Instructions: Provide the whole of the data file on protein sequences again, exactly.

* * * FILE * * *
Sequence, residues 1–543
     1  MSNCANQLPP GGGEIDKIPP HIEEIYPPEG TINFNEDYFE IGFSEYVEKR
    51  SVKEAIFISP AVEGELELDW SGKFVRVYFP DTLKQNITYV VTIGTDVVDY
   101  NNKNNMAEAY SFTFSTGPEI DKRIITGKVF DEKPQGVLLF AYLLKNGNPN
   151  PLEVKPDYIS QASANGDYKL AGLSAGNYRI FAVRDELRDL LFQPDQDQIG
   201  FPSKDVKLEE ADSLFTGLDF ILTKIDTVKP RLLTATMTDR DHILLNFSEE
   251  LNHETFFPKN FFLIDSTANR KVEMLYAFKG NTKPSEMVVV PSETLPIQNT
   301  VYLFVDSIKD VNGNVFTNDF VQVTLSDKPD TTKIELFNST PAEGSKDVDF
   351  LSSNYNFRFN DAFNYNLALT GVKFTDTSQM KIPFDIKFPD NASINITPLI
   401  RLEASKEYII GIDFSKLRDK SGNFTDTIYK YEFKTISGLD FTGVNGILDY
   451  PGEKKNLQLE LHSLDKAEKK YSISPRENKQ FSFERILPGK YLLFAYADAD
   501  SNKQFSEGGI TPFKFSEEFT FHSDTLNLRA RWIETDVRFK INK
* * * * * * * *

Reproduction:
Sequence, residues 1–543
     1  MSNCANQLPP GGGEIDKIPP HIEEIYPPEG TINFNEDYFE IGFSEYVEKR
    51  SVKEAIFISP AVEGELELDW SGKFVRVYFP DTLKQNITYV VTIGTDVVDY
   101  NNKNNMAEAY SFTFSTGPEI DKRIITGKVF DEKPQGVLLF AYLLKNGNPN
   151  PLEVKPDYIS QASANGDYKL AGLSAGNYRI FAVRDELRDL LFQPDQDQIG
   201  FPSKDVKLEE ADSLFTGLDF ILTKIDTVKP RLLTATMTDR DHILLNFSEE
   251  LNHETFFPKN FFLIDSTANR KVEMLYAFKG NTKPSEMVVV PSETLPIQNT
   301  VYLFVDSIKD VNGNVFTNDF VQVTLSDKPD TTKIELFNST PAEGSKDVDF
   351  LSSNYNFRFN DAFNYNLALT GVKFTDTSQM KIPFDIKFPD NASINITPLI
   401  RLEASKEYII GIDFSKLRDK SGNFTDTIYK YEFKTISGLD FTGVNGILDY
   451  PGEKKNLQLE LHSLDKAEKK YSISPRENKQ FSFERILPGK YLLFAYADAD
   501  SNKQFSEGGI TPFKFSEEFT FHSDTLNLRA RWIETDVRFK INK